Microsoft and Google have built Web applications designed to highlight environmental problems coinciding with the climate change negotiations in Copenhagen that run through Friday.
Microsoft is working with the European Environmental Agency (EEA) to use its Bing Maps, Silverlight multimedia technology and Azure cloud platform to show how climate change is affecting certain regions in Europe.
The Web site, called the Environmental Atlas of Europe, will inform people about climate-change stories and interesting projects, such as wine farmers in the Tuscany region of Italy who run a carbon-negative farm to a city in Denmark that uses 100 percent renewable energy, said Bert Jansen, technology lead for the EEA.
"It's strange that not everybody is aware of these kinds of initiatives," Jansen said. "I think it's important that good initiatives get the attention that they deserve."
Microsoft and the EEA also launched another Web site called Bend the Trend, where people can pick from up to 45 pledges for how they can reduce their impact on the environment. Pledges, which are marked on an interactive Bing map, include eating less meat, turning down thermostats and recycling all paper.
Both Web sites are essentially data visualization tools focused on environmental information, said Ludo De Bock, senior director for European Union and NATO relations for Microsoft. Jansen said that the EEA has a lot of data, such as noise pollution data, that could be overlaid onto the Web sites.
Google is also lending its cloud-computing power to help scientists keep closer tabs on deforestation. Over the next year or so, Google expects to release an online version of a tool that analyzes raw satellite imagery to compare deforestation over time. The tool will enable the creation of deforestation maps much faster than before.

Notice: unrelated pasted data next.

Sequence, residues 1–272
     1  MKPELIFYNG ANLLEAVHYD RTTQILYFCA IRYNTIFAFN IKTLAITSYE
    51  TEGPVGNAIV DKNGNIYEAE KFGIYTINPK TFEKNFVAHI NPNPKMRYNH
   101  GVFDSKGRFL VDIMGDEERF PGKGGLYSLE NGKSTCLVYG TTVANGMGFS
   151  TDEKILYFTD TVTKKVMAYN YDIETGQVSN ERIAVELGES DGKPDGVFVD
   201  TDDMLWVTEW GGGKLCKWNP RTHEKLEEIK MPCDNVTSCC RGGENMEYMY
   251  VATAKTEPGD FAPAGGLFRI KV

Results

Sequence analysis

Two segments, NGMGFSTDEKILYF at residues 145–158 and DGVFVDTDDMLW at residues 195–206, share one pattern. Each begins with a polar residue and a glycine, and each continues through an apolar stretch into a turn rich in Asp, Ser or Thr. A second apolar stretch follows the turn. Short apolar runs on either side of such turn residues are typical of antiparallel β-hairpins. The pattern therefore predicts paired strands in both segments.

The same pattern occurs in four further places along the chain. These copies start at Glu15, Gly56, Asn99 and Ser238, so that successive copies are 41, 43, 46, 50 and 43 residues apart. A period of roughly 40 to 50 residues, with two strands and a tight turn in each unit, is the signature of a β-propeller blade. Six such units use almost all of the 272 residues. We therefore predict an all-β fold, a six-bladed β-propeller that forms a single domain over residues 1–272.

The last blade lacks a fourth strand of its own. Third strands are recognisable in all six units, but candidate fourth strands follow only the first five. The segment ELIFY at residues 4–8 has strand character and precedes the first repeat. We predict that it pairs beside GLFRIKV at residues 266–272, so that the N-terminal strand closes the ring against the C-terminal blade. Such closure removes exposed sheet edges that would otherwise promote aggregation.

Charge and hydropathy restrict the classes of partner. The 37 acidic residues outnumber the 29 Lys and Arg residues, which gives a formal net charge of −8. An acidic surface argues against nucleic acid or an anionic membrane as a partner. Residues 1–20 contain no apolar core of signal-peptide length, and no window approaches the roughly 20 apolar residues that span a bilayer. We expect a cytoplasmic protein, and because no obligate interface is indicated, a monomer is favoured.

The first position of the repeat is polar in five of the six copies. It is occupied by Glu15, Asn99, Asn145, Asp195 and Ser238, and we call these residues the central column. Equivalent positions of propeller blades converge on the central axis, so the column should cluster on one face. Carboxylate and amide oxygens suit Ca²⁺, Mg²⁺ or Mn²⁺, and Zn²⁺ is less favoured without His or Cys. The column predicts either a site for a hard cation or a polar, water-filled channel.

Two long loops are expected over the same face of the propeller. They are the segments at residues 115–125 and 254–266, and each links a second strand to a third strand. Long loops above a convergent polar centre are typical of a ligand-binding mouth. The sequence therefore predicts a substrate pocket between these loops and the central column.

The application is essentially an online version of those built by forest researchers Greg Asner of the Carnegie Institution for Science and Carlos Souza of Imazon, an Amazon rain forest research institute. Their applications are used across Latin America, but analysis had been hampered by a lack of access to satellite images and slow computational resources, according to a Google blog post.
The platform offers a much cheaper way for countries to measure deforestation since Google's data centers can serve up terabytes of satellite images and contribute a massive amount of computational power from its data centers.
"On a top-of-the-line desktop computer, it can take days or weeks to analyze deforestation over the Amazon," wrote Rebecca Moore, engineering manager, and Amy Luers, environment manager for Google.org, the company's philanthropic branch.
"Using our cloud-based computing power, we can reduce that time to seconds. Being able to detect illegal logging activities faster can help support local law enforcement and prevent further deforestation from happening."
Google said a prototype of the platform is available now to a limited number of partners, but it should be rolled out to the public over the next year.